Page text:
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Put more teeth in GRAMA

SHARE Put more teeth in GRAMA

Agencies that fail to comply with Utah's Government Records Access Management Act, commonly known as GRAMA, need to be penalized.

As of now, that's not happening. The Legislature and State Records Committee need to work together to find an effective way for dealing with those who don't comply with the law. If there is no enforcement procedure, that act is subject to the whims of each individual agency.Unfortunately, some agencies are basically telling the records committee and individuals seeking information to "drop dead." That kind of action needs to stop immediately and if repeated must be dealt with swiftly and severely.

The lack of accountability was manifest by the case of Sally Fink, a single, truck-driving mom who ran into endless problems tracking down records about circumstances surrounding a 1994 beating her son took in Provo's Utah State Hospital. Fink recently took her case to the records committee. Under GRAMA, the hospital was ordered to produce the documents or formally appeal the decision. Hospital officials maintain they never got the notification.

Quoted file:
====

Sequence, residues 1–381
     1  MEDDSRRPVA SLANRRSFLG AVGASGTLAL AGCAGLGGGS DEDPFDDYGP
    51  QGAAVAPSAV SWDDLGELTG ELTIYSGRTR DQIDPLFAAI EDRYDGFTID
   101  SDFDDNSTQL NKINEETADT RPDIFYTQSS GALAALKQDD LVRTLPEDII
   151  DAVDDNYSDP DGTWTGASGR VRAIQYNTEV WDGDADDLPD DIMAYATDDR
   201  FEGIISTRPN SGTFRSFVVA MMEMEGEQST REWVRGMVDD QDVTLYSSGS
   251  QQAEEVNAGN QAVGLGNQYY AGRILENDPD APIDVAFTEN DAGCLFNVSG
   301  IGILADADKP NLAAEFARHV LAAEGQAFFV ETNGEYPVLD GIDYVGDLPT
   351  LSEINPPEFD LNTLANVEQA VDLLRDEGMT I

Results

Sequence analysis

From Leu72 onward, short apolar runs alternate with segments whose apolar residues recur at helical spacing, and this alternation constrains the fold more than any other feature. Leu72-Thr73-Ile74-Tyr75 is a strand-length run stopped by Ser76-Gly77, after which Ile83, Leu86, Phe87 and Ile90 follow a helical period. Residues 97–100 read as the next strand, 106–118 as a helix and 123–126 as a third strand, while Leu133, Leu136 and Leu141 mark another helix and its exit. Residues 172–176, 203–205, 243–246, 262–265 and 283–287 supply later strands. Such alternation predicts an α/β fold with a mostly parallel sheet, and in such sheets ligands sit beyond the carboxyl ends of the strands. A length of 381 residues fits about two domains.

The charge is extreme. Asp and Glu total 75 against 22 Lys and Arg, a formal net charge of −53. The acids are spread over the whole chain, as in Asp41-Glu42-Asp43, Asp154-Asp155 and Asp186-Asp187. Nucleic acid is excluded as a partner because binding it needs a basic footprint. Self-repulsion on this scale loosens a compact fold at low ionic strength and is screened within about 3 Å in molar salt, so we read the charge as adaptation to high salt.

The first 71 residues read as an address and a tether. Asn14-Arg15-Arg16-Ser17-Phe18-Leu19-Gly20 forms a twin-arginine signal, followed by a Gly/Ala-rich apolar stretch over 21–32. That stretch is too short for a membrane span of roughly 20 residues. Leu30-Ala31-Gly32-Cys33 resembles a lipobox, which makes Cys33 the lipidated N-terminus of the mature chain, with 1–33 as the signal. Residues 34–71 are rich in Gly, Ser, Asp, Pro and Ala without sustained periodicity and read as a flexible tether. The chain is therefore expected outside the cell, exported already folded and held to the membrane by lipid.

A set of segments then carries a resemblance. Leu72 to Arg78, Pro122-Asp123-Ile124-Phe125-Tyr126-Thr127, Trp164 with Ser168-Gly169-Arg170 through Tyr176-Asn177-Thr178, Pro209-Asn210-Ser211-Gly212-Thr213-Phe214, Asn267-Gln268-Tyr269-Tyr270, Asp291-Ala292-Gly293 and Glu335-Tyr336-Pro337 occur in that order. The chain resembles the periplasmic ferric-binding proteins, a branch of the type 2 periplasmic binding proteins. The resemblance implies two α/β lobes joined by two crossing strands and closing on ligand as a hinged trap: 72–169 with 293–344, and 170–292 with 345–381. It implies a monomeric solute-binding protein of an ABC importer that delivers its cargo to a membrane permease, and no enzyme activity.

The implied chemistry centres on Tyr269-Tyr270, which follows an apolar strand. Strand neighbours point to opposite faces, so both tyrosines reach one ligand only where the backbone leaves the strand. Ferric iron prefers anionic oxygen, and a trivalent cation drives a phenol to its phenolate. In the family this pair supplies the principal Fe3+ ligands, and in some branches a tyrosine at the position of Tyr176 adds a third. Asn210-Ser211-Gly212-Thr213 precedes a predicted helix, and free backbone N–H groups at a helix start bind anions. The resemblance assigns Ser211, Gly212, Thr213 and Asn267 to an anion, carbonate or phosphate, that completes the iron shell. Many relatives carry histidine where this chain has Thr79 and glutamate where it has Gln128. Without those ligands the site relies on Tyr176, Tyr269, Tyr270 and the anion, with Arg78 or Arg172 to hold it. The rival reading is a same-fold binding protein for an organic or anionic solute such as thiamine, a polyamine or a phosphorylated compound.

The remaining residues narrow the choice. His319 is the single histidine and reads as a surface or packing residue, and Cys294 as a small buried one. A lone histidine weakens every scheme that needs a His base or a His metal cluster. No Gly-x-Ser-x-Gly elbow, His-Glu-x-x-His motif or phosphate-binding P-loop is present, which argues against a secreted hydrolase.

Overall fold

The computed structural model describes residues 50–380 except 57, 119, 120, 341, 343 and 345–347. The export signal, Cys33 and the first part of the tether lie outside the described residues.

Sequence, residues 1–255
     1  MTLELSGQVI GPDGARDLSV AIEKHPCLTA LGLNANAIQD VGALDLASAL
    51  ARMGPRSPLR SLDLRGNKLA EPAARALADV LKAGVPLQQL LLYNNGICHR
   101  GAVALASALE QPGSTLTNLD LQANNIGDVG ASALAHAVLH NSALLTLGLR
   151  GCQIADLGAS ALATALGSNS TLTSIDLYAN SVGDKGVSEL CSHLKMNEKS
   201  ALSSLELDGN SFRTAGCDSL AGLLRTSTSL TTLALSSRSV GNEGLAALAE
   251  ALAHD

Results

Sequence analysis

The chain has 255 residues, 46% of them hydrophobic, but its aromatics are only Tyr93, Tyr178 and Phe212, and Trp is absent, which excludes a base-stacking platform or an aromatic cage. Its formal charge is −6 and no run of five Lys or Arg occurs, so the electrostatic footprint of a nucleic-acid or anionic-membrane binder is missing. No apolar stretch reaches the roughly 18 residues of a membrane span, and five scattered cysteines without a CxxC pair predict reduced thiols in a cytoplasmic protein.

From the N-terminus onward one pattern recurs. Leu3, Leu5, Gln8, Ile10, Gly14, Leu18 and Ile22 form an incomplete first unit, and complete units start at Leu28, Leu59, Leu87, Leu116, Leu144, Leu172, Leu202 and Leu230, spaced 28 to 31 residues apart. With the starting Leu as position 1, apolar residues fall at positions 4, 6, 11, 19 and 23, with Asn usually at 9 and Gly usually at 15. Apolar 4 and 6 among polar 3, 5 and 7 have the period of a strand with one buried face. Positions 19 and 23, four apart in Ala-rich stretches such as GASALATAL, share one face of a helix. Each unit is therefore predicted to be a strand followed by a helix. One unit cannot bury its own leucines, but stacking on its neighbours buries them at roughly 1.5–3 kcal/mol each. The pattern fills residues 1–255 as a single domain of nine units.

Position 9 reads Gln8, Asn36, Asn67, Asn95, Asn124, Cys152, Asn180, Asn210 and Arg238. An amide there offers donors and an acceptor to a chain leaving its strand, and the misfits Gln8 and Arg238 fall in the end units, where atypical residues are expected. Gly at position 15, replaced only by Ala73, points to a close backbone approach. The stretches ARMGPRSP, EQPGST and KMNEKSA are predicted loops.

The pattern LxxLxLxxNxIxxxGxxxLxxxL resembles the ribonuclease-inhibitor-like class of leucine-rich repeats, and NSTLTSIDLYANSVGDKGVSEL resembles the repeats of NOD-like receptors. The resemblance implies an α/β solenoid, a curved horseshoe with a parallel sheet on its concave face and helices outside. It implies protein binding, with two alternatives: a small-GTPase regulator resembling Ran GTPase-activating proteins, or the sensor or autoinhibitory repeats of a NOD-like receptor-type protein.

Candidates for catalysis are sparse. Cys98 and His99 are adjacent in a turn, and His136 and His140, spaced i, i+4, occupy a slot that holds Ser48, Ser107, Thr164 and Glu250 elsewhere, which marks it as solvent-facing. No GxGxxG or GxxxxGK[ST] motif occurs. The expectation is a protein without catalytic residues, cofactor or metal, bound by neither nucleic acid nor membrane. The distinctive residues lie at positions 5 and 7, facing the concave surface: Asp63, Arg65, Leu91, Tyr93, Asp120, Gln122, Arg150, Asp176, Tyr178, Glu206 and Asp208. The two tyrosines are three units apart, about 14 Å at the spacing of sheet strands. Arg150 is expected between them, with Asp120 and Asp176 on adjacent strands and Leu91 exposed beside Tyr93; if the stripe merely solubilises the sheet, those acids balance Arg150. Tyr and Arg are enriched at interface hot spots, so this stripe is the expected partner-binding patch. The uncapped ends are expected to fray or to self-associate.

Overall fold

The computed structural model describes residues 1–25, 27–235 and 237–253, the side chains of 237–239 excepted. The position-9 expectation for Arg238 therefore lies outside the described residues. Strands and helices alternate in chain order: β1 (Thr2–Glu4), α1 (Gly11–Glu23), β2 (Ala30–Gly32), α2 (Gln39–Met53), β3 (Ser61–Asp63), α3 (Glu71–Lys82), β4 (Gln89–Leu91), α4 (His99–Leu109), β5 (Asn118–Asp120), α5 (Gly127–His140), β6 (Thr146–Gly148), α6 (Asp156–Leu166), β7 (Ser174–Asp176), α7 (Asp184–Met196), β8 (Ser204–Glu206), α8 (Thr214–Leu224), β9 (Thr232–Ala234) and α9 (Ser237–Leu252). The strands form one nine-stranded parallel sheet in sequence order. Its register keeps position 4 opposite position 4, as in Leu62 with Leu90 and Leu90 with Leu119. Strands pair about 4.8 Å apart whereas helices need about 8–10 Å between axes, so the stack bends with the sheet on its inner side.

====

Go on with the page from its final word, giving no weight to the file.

Not only those involved in serious cases have been thwarted. Too many times citizens trying to get such simple things as names, addresses and phone numbers of local city council and school district officials have been given the runaround.

And that's why lawmakers have asked the State Records Committee to find some way to penalize agencies that don't comply with orders issued through GRAMA.

If the committee asks for documents - as its allowed to under the law - and agencies ignore it, then there's no validity to the process.

The State Records Committee needs to have the necessary enforcement procedures operating so that it can do what it is empowered to do.

Under the law, "any public employee who intentionally refuses to release a record," under GRAMA, is guilty of a class B misdemeanor. That provision needs to be enforced.